NASA satellite images taken this weekend picked up smoke plumes coming from fires in the Pacific Northwest and Canada. Read more about the images on NASA’s Earth Observatory website.
The National Oceanic and Atmosopheric Administration’s Fire Detection Map is showing smoke from Western fires blanketing most of North America. Check out the map in real time here.
Thick smoke from fires in British Columbia, Alberta, and the Northwest Territories is drifting across Canada, prompting health warnings and the early turning on of night-time street lights.
There are around 155 fires burning around the country, some of which have forced the evacuation of entire towns and shut down portions of the scenic Icefields Parkway.
Some updates on fires we’ve been following:
- The Smith Creek Fire in West Kelowna, in BC’s interior, doubled in size since it ignited. It’s now at 400 hectares (just under 1,000 acres) and has forced 2,500 residents to evacuate their homes. Kelowna is no stranger to wildfire–in 2003, the area was ravaged by the Okanagan Mountain Fire.
- The Spreading Creek Fire in Banff National Park is still burning but is considered under control.
- The Mount McAllister Fire forced the evacuation of Hudson’s Hope, a small town northeastern BC. Town residents were allowed to return home on Thursday, but the fire continues to burn. The fire was at 16,000 hectares (around 40,000 acres) on Friday and was zero percent contained, local media reported.
The jet stream is continuing to bring smoke from wildfires in northwestern Canada into the United States. The worst of it is impacting Montana, North Dakota, and South Dakota.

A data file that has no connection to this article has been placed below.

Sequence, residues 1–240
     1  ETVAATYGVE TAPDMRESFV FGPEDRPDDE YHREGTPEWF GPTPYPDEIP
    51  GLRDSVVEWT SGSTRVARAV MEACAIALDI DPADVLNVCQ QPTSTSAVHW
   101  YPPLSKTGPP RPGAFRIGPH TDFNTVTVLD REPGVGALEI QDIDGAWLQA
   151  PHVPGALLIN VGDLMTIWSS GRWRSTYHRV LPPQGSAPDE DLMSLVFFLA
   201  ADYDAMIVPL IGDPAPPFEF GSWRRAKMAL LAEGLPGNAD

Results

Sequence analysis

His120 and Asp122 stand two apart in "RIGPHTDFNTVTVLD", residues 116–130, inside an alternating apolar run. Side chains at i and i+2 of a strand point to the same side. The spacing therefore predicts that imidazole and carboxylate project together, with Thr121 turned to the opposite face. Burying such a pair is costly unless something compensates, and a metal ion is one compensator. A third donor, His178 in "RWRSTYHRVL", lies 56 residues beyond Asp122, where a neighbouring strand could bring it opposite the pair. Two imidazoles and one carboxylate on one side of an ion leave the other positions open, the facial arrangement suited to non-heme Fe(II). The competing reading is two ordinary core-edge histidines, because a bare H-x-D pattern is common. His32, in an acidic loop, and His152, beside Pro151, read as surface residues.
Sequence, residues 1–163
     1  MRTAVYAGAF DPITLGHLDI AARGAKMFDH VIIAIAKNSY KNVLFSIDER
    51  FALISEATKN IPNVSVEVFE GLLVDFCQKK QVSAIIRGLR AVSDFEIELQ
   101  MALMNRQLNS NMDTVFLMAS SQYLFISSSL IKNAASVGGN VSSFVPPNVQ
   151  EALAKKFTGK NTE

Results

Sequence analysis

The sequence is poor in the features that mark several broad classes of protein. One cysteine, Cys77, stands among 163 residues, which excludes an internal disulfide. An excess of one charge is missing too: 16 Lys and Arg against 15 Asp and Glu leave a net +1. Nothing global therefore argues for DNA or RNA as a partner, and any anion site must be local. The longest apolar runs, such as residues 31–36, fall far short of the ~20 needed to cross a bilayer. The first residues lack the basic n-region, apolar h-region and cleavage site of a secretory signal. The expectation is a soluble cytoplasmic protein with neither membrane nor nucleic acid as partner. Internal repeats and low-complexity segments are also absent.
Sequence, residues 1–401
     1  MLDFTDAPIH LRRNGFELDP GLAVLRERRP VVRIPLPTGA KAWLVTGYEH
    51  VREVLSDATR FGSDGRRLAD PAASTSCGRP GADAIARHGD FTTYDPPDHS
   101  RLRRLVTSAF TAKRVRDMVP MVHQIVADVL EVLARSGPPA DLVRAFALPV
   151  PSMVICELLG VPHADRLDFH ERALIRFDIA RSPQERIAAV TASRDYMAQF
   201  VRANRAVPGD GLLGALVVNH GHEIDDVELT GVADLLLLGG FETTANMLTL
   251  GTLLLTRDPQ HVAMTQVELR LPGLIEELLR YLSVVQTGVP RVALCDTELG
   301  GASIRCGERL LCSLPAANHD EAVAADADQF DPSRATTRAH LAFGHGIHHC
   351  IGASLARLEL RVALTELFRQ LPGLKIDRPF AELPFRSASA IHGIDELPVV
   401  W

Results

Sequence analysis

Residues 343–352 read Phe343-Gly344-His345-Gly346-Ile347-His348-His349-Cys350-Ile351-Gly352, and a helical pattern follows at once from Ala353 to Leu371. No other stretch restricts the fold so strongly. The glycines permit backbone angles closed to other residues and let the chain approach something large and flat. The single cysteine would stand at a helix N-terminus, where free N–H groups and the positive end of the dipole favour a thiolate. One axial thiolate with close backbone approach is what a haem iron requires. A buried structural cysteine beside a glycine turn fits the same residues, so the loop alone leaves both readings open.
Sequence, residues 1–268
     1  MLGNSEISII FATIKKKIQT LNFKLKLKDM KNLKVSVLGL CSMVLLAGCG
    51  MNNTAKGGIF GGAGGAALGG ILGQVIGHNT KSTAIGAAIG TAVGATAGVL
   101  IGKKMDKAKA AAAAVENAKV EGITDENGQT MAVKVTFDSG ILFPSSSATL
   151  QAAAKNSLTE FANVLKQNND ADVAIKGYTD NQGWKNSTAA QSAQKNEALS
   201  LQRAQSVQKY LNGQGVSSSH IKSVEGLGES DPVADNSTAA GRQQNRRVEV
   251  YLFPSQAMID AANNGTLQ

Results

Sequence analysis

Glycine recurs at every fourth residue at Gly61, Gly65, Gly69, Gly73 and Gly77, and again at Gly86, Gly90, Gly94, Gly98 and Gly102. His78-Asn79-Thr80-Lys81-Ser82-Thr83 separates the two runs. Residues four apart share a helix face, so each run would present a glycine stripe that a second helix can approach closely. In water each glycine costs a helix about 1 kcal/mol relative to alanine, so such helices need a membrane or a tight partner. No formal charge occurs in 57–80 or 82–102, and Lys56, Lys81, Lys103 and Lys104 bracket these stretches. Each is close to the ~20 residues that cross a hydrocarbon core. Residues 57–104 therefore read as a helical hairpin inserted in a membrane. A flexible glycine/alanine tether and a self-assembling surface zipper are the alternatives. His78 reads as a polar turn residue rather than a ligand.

Today’s map of smoke from wildfires indicates that fires in northern Alberta and the Northwest Territories is drifting into Montana and the northern Great Plains. The fires in southwest Arizona and northern New Mexico are also creating a significant amount of smoke in the southwest.
The small icons represent the locations of wildfires.
Smoke from three fires in southwest Arizona and northern New Mexico is having a significant impact in those states as well as in parts of Texas Oklahoma, Colorado, and Kansas.
But that smoke is small potatoes compared to what is going on in northern Alberta, the Northwest Territories, and off the coast of New Brunswick. The smoke that is now over the Atlantic probably drifted across much of Canada and parts of New England.
There is not much current information available about the Diego Fire on the Santa Fe National Forests in New Mexico, but we determined that it is 25 miles northwest of Los Alamos, 7 miles southwest of Coyote, and 67 miles north of Albuquerque. It is listed at 1,000 acres at Inciweb, but it appears to be much larger than that in the satellite imagery we have seen.